All subject matter experts at Basecamp now publish office hours. […] This might seem inefficient at first glance. Bureaucratic, even. But we’ve seen otherwise. Office hours have been a big hit at Basecamp. It turns out that waiting is no big deal most of the time. But the time and control regained by our experts is a huge deal.

A company is like software. It has to be usable, it has to be useful. And it probably also has bugs, places where the company crashes because of bad organizational design or cultural oversights. When you start to think of your company as a product, all sorts of new possibilities for improvement emerge. When you realize the way you work is malleable, you can start molding something new, something better.

Prediction Machines

Ajay Agrawal, Joshua Gans, Avi Goldfarb

Prediction Machines

Written by three economists, Prediction Machines takes the “mystery” out of AI by re-casting it within an economic framework and simply treating it as cheaper prediction, and then following the consequences of seeing it that way.

I didn’t love this book but I don’t have much argument with the premise.

Love After the End

Various authors (2019)

Love After the End

A sci-fi anthology of short stories about Two-Spirit utopias and dystopias, a follow-up to Love Beyond Body, Space & Time.

How do you survive a perfect world?

In a perfect world, how do you grow?

In an imperfect world, how do you resist?

[…] Imagine the future of our people after the end of colonization. Read stories of survival and love lost and found, across all bodies and genders.

I ordered this book through a Kickstarter campaign. The introduction by Joshua Whitehead was a beautiful way to set the context for the reader (probably my favourite part of the book actually, which is not taking anything away from the stories but more a statement on how great of an introduction it was).

My favourite stories were Darcie Little Badger’s Story for a Bottle, jaye simpson’s The Ark of the Turtle’s Back, and Adam Garnet Jones’ The New World. Highly recommend!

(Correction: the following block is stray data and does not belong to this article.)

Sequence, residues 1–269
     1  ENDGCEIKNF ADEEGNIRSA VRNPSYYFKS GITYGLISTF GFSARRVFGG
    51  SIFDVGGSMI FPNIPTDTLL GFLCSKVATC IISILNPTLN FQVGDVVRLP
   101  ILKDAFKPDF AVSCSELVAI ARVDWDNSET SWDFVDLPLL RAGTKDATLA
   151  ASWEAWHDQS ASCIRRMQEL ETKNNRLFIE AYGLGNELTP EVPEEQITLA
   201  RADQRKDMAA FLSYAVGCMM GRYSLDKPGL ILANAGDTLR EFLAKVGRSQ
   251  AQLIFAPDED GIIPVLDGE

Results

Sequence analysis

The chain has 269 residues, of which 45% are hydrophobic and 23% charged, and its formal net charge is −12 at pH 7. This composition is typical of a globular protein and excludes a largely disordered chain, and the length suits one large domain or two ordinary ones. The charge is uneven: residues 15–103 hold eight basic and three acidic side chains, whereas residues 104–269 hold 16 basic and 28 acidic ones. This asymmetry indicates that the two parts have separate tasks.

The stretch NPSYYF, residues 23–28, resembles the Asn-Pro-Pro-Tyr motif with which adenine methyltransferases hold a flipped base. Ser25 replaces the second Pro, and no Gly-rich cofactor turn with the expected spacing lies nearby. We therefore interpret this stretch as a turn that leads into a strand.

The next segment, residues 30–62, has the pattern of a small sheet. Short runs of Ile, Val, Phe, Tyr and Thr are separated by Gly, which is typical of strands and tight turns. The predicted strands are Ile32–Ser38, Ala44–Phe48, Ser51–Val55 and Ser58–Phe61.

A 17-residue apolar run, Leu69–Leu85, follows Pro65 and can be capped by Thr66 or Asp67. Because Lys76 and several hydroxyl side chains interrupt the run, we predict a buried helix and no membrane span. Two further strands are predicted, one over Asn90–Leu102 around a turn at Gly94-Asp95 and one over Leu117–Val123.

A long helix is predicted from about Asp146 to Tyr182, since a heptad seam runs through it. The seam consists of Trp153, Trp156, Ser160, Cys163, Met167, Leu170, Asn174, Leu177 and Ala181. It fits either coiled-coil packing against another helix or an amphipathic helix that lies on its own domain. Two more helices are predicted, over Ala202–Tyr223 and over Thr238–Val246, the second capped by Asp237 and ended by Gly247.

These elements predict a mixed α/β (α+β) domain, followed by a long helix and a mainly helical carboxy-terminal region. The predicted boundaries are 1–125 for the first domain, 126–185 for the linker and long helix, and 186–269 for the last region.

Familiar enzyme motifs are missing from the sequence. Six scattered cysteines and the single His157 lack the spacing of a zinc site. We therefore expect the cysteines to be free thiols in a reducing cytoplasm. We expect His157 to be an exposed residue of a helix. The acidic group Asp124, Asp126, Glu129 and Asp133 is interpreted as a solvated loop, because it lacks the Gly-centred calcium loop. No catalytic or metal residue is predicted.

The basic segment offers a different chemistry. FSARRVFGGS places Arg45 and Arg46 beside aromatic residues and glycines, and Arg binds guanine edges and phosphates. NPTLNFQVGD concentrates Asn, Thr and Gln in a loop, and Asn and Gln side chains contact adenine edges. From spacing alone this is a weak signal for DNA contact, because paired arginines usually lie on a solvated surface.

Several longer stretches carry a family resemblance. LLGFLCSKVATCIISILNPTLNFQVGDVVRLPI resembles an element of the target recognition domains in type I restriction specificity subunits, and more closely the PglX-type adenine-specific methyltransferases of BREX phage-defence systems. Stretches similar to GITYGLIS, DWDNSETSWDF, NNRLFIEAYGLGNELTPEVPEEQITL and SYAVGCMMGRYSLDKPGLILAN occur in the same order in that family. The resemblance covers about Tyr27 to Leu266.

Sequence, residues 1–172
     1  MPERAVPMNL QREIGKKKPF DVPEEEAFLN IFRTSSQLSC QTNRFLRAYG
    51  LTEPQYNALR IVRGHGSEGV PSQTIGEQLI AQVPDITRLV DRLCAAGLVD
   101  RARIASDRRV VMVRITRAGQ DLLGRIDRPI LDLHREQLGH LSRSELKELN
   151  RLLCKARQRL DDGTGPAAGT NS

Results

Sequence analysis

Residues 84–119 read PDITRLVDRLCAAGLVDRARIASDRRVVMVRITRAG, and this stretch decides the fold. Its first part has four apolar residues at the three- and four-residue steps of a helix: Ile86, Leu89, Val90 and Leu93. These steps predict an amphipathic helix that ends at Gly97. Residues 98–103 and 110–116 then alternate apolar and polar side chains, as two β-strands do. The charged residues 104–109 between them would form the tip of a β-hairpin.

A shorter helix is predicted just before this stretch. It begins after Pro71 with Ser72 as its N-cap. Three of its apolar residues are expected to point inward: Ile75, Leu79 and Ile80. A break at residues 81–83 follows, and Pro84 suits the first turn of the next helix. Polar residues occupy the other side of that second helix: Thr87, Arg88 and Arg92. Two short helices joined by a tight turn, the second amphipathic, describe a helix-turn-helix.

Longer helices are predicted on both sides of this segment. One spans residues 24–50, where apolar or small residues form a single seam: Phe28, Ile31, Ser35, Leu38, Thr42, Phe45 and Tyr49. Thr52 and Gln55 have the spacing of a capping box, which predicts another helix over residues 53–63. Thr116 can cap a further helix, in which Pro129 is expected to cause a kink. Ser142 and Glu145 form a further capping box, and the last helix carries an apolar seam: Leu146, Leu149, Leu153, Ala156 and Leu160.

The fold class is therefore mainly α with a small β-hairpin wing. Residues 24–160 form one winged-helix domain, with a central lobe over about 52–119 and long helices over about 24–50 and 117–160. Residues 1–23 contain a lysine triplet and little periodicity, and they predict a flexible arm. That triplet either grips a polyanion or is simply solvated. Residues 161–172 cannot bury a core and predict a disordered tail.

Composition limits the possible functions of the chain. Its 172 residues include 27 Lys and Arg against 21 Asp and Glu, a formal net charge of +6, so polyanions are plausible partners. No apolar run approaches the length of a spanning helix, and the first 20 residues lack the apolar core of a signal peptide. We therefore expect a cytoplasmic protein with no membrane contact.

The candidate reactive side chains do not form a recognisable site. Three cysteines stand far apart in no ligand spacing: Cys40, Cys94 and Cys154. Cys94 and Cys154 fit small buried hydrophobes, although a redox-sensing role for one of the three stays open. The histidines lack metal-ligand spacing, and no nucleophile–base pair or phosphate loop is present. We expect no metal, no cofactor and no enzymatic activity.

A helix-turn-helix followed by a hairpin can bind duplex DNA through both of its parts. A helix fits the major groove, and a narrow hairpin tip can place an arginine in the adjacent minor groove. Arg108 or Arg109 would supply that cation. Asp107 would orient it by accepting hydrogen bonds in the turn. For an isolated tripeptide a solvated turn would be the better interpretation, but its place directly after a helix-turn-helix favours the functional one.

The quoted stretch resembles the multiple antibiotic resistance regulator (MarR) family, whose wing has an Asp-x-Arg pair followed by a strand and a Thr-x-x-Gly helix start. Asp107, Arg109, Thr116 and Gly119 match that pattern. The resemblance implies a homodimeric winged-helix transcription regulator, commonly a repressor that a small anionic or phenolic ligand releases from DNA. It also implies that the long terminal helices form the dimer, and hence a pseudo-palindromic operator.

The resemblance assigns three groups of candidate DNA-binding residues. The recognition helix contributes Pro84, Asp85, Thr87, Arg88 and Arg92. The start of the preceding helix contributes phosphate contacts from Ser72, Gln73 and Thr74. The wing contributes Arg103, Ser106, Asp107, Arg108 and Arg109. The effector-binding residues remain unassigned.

Permanent Record

Edward Snowden

Permanent Record

I am halfway through reading Snowden’s autobiography. It’s a great read thus far, but I’m only just getting to the famous parts of his story. When you know the ending, it’s tempting to look back and pick out only the events that supported the outcome (which is of course a common bias). I feel as though that’s what Snowden has done with his memoir when describing his early days; probably a more rounded story would be a bit more nuanced, but hey he’s writing for an audience after all. And it’s all very interesting stuff. Looking forward to the second half.

Democracy May Not Exist But We’ll Miss It When It’s Gone

Astra Taylor

Democracy May Not Exist

I’m only a few chapters into this one and I need to re-request it from the library again to finish it. This is an eye-opening book about how the public doesn’t have a good idea of what democracy is (although we think we do) and how it’s really more about straight up conflicting principles (eg. equality versus freedom) and how the tensions between these principles are perpetually at play and continuously needing resolution through community. Put in another form: democracy is more of a verb than a noun. I discovered this book through the Team Human podcast, and I’m really looking forward to completing it.